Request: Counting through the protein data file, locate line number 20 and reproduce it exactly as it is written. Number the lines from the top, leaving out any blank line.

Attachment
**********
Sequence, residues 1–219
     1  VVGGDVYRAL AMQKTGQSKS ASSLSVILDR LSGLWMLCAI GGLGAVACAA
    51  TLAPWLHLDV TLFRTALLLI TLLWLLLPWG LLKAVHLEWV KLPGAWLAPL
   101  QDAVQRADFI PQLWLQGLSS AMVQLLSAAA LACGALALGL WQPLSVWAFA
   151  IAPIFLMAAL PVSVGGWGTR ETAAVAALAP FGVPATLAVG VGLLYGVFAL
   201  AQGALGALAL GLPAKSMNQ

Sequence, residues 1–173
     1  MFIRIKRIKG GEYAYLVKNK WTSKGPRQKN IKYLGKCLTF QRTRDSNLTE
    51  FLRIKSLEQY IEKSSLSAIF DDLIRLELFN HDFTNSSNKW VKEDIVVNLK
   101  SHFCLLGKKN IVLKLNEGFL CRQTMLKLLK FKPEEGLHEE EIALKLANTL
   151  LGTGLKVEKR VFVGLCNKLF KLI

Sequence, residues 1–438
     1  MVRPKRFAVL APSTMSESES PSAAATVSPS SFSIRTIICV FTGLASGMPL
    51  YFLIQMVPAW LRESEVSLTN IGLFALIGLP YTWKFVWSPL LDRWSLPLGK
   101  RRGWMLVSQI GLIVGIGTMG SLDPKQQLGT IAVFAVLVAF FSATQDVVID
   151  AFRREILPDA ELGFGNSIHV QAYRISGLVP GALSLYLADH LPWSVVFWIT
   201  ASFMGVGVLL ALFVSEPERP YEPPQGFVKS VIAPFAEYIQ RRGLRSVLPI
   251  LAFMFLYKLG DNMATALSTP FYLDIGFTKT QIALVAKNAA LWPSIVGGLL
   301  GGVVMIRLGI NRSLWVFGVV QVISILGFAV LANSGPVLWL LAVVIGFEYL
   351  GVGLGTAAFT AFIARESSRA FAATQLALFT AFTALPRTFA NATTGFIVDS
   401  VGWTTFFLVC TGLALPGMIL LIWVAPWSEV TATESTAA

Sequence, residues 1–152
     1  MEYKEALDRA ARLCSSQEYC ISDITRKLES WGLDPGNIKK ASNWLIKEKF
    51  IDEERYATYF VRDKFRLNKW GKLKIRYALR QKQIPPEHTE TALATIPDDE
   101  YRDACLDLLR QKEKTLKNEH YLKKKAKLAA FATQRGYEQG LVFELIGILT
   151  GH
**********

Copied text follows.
   351  GVGLGTAAFT AFIARESSRA FAATQLALFT AFTALPRTFA NATTGFIVDS